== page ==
Thursday, September 8, 2016

Amplifiers - Is The Extra Power Worth The Investment??

Elecraft only produces a 500 Watt amplifier.  Many radio amateurs invest in amplifiers that go up to the legal limit of 1500 Watts in the US.  In Canada, the legal limit is 1000 Watts.  In the UK, the legal limit is 400 Watts.  Just what is the cost difference between 500 Watts and "legal limit" amplifiers and let's limit the discussion to the US where legal limit is 1500 Watts.  Here is a sampling of several 500 Watt and legal limit amplifiers in the US market:

500W Linear Amplifiers:
Elecraft KPA500 - $2299
Ameritron ALS-500M - $849 (does not include 6m)

1500W Linear Amplifiers
ACOM 1500 - $3989 
SPE Expert 1.3K-FA - $5000
Alpha 9500 - $7995
Alpha 8410  - $5995

The Elecraft KPA500 is simply the standard bearer for 500W amplifiers and its mettle has been proven in many DXpeditions in far away places.   The Alphas are the standard in the upper end.  The price difference ranges from $1690 all the way up to a whopping $7146.

The question is - is all the price difference worth the extra 1000 watts.  Lets look at what you are really buying in terms of what you can hear.  10*log(1500/500) = 4.77 dB or 8/10ths of an S unit.

Let's not confuse the issue between twice the power and twice the volume.  The latter is quite subjective

3 dB = twice the power (Power respectively intensity - mostly calculated)

6 dB = quadruple the power, twice the amplitude (Voltage respectively sound pressure - 
mostly measured)

10 dB = "twice" the perceived volume (Loudness nearly sensed psychoacoustics)

I would say that when referring to perception of something being twice as loud to the human ear that 10db is about right. Try it out for yourself with a vocal on a stereo receiver/amplifier that controls volune in dB since our ears are most sensitive to the human voice.

Here are instrumental recordings for you to listen for yourself:  Look for the 2:27 PM post.

Recordings - Reference, 1dB, 10dB and 2dB

You have to go somewhere in the middle of the thread to hear the recordings.  I recommend using headphones.

So an 800W amplifier will correspond to X when a 500 Watt amplifier is Z - 2 dB difference.   I can hardly tell the difference between Z and X.  So a 1500W amplifier is slightly louder than X, when Z is 500 Watts - but how much louder?  They say that 3 dB is the threshold of being able to perceive an increase in loudness.  By the way Q is like 100 watts when X is 1000W.  Also Z is like 800 Watts when Q is 100 Watts.  There is a good amount of perceived difference between 100 Watts and 500 watts but the incremental improvement above 500W to 1500W is indeed small.  Remember that dB's are all relative measures.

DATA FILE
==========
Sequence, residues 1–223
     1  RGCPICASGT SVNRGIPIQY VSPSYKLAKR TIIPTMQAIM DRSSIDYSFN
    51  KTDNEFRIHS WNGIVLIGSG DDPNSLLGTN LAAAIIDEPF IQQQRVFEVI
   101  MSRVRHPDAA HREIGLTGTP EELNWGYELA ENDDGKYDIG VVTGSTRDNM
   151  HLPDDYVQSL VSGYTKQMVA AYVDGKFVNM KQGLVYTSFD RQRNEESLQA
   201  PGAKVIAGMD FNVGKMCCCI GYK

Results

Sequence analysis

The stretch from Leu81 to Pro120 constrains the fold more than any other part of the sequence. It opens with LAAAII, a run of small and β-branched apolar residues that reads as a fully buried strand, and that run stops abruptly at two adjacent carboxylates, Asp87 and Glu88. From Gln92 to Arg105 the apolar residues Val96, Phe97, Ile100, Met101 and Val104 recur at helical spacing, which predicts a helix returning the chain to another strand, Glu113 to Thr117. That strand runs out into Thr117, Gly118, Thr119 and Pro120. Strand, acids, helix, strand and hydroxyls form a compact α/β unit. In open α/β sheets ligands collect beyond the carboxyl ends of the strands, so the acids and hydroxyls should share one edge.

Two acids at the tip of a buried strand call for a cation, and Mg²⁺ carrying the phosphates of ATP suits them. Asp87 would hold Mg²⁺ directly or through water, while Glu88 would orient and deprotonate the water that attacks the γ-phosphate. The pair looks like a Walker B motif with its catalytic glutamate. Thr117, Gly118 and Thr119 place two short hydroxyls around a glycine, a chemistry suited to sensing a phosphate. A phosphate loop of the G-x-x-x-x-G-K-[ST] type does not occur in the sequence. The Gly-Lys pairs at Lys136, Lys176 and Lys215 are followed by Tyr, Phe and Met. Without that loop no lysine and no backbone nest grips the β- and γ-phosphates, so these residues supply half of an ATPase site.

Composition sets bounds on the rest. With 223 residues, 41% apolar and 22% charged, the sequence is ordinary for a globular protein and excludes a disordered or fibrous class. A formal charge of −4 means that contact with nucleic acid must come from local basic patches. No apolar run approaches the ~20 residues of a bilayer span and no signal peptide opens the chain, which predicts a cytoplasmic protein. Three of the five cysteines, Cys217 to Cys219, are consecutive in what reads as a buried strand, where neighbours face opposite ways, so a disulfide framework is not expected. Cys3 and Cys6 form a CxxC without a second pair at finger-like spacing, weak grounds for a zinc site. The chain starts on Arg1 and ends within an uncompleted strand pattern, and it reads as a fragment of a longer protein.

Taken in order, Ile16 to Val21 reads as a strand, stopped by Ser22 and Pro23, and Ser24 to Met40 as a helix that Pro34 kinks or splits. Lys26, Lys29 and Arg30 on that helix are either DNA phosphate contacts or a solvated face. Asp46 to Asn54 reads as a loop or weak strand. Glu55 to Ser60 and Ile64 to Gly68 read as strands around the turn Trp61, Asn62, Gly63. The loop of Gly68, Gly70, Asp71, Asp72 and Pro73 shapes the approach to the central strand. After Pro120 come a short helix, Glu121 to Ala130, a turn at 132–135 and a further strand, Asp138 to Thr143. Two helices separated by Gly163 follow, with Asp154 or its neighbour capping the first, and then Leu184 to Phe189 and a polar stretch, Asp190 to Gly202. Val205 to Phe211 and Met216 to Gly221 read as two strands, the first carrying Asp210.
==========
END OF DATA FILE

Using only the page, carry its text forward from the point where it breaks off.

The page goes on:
I dare say that between $1700 to $7000 you could have spent on the legal limit amplifiers could be better invested somewhere else - and nowhere to that price tag. Because you can't work them if you can't hear em no matter how much power you are putting out, I am of the opinion that you are better off spending a little bit of money in filters and equalizers if not the receiver itself.   Assuming you don't want to invest in a new and expensive high end receiver, my suggestion is to port the audio into an amplified equalizer / filter.   The ear is most sensitive to the midrange of the frequency spectrum based on the work of Fletcher and Munson.   Filter out 600 Hz and below and above 6000 Hz and you filter out any associated noise as well - so all you have is the frequency content that the ears are most sensitive to.  This equipment can be purchased for about $200-$300. 

Another worthwhile investment is that of receive antenna systems.  But now we are talking between another $200-$1000 depending on whether you have land or not.  If you have plenty of land, beverage systems are quite inexpensive.   If you have no land, then receiving loops like the K9AY will do the trick.  I have been successful in employing transmitting full wave loops which are very quiet in terms of noise.  I have used the vertically polarized 30m delta loop during the 13Colonies special event while operating as K2L with good results. Full wave loops are very cheap to make - really just a hunk of wire with a 4:1 balun to match the rigs impedance.  In fact I worked Heard Island VK0EK, Juan de Nova FT4JA, RI1FJ Franz Josef Land  and several other difficult expeditions using such an antenna.  The 30m delta loop nearly outperformed the Hexbeam during the 13 Colonies special event not because the loop is louder but because the atmospheric noise is so low that the signal to noise ratio so high that even the weaker signal of the loop is quite intelligible. 

Fletcher-Munson Curves Below 

So there you go, get an inexpensive tube amplifier like a Clipperton L or Drake L4B which will easily do 800 Watts (for $7000 dollars less) and you are almost on par with a legal limit amplifier on the other end.  Better yet run it at 500W to preserve your tube finals.   With your listening system in place - you can hear them when they answer "Your Call 5NN".   Without the latter, no matter how loud you are on the other end - it does not matter, you won't make the QSO.

No comments:

Post a Comment